Monthly Archives: March 2010


31st March, 2010. 6.00 p.m. It’s blowing a cold gale out of the north-west and the sky is full of low, driven cloud. I follow a hunch that I’ll find a buzzard out in the open paddocks to the west of the village where I’ve seen one before. I’m rewarded with two, the first time I’ve seen a pair together in these parts. For ten minutes they engage in what I can only describe as air-play. They’re not hunting, they’re just flying, cavorting, enjoying the wind in their feathers. They stay low, about 40 – 80 feet above the ground, facing the rush, beating their great wings just enough to stay in place, without being blown backwards, occasionally swooping down low, and gliding round in a loop. They look more streamlined, with more pointed wings, than the stiff, heavy, broad-winged birds of the books. In fact they are remarkably agile and buoyant. They don’t stray too far from each other, and twice they make contact in mid-air, one rolling sideways, momentarily touching talons, like two bros bumping knuckles in greeting, before peeling away.

The buzzards drift towards the airfield, and I follow them on foot. When I get there, they are mobbed by a rook and drift lazily back to the paddocks. I think they like the terrain here – it is open, there are no trees, and there are plenty of rabbits… perhaps it reminds them of moorland. I get a good look at both birds, and I’m certain that neither is the gap-tailed buzzard I’ve seen to the south of the village. If there are indeed three birds, or even two pairs, in this small district, and they manage to breed, it indicates a remarkable change in fortune – it was only in 1999 that the first breeding pair in the whole county was recorded, after the toxic disasters of DDT and myxamatosis.

I leave the buzzard grounds and work round the back of the tomato ‘farm’ – in reality a ramshackle, polythene agro-outfit running on imported plants, imported growbags, and imported East European labour. These lithe and cheerful spring migrants have yet to arrive in great numbers, but dozens of broke-down caravans are lined up out back to receive them. Just before sunset, the wind drops, the sun breaks through the cloud, and the land glows briefly. The season has been slow to turn, but everywhere leaf-buds are ready to burst with excitement. A great weeping willow beside the allotment gardens seems, from afar, to be the first and only tree to have come into full leaf, dripping long golden-green tresses almost to the ground, but close-up they turn out to be catkins not leaves, a profusion on every branch and twig. A dusk chorus breaks out, led by the blackbirds. The willow catches the last rays, flares in glory, then merges back  into the dusk.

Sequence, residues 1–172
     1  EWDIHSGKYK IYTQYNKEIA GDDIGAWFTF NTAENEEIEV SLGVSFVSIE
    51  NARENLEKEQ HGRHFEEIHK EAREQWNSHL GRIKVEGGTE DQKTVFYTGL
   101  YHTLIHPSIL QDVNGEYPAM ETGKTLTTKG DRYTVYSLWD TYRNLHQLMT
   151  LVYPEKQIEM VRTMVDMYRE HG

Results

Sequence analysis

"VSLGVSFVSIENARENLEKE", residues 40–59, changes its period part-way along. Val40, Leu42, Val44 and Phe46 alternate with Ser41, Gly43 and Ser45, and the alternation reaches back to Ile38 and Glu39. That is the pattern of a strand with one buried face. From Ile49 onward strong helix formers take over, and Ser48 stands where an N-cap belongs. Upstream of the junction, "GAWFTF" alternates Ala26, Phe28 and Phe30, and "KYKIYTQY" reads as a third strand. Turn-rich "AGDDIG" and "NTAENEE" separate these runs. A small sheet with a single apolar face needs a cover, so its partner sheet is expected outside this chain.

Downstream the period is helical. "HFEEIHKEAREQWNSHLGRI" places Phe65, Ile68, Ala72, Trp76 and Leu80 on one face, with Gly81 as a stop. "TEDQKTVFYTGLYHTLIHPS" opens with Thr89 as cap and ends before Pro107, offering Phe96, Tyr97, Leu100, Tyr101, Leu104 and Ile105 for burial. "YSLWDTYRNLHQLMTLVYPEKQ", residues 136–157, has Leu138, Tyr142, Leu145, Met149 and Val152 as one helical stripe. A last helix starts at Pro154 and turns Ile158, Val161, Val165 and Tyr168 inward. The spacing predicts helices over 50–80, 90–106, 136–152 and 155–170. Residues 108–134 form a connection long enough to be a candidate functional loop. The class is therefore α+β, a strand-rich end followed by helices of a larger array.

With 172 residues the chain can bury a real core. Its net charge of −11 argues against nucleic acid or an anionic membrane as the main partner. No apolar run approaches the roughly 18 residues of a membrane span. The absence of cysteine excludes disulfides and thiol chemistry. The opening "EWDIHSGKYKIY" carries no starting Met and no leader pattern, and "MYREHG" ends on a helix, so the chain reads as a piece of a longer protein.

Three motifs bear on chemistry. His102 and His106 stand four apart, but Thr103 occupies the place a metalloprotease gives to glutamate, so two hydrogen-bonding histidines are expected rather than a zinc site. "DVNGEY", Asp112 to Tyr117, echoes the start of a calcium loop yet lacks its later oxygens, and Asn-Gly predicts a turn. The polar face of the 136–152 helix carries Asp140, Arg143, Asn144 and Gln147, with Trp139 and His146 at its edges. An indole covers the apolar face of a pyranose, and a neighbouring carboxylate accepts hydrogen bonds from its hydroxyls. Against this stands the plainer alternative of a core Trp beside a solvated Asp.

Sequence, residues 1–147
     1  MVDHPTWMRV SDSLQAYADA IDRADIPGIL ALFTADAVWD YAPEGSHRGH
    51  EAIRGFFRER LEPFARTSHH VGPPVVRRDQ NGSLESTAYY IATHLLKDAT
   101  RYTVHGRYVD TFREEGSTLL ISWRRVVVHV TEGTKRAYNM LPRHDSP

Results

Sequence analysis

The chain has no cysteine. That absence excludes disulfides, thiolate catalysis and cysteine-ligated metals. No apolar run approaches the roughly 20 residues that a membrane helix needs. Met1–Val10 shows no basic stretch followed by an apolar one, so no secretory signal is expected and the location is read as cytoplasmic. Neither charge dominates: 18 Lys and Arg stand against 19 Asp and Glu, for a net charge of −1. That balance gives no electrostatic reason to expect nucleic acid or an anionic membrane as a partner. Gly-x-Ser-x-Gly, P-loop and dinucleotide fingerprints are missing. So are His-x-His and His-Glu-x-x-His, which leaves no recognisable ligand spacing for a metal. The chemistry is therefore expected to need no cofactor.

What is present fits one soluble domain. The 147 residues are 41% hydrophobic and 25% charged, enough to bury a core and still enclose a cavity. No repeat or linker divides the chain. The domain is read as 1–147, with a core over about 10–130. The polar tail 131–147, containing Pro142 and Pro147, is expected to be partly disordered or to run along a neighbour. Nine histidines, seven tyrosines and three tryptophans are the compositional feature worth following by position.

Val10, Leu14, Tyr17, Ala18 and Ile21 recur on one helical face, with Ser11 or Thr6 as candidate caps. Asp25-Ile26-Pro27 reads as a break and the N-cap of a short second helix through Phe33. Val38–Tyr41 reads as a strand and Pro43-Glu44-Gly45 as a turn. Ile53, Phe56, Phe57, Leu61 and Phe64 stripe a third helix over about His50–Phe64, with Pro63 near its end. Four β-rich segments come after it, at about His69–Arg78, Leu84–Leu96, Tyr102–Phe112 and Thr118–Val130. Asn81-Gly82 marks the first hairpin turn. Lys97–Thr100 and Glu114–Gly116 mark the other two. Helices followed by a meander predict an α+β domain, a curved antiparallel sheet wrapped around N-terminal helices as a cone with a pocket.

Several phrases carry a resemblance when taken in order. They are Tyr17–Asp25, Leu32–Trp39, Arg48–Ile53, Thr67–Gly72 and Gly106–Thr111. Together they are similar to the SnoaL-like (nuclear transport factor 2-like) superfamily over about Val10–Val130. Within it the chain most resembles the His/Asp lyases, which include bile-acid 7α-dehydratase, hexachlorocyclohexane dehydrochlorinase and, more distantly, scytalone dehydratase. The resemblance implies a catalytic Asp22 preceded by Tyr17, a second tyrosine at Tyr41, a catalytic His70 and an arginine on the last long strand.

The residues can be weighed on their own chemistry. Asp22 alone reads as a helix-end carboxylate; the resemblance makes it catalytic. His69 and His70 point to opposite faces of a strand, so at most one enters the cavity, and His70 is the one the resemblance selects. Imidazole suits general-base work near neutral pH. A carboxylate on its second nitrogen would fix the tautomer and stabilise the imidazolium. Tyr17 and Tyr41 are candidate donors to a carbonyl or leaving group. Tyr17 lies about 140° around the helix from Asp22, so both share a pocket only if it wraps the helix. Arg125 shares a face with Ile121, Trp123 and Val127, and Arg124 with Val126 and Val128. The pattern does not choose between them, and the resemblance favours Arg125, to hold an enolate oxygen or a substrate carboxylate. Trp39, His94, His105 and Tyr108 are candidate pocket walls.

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30th March, 2010. 7 a.m. BST, 6 a.m. body-clock time. The sun has risen 20 minutes ago, but is hidden behind cloud. In fact the whole sky is overcast, a uniform silver grey. But at least it’s dry, though the ground is wet after yesterday’s rain. I head north up the concrete tramlines of the guided bus-way. Today, for the first time in months since I damaged my knees, I try a little gentle running… now and again… trotting really… 50 yards, 100 yards. A pair of Canada geese fly over at 50 feet, heading for the pond on the west side of the airfield, one conversing with the other… a slow, rhythmic  kerr-onk… kerr-onk… kerr-onk, like a child idly swinging a squeaky barn door back and forth, back and forth. Then, coming straight towards me from out of the north, is a pair of pure white mute swans, elegant in flight despite their heavy, barreled bodies, their great wings soughing through the air with each downward stroke, a sound as soft as silk. They pass on without a glance. The descending cackle of a green woodpecker or eekle echoes out over the fields. I am struck by the purposefulness of birds, their pure intent, their inscrutable comings and goings. The well-known hadith of the Prophet of Islam comes to mind:

If you really trusted in God as God should be trusted, God would sustain you as God sustains the birds – they go out in the morning hungry, and come back to rest in the evening full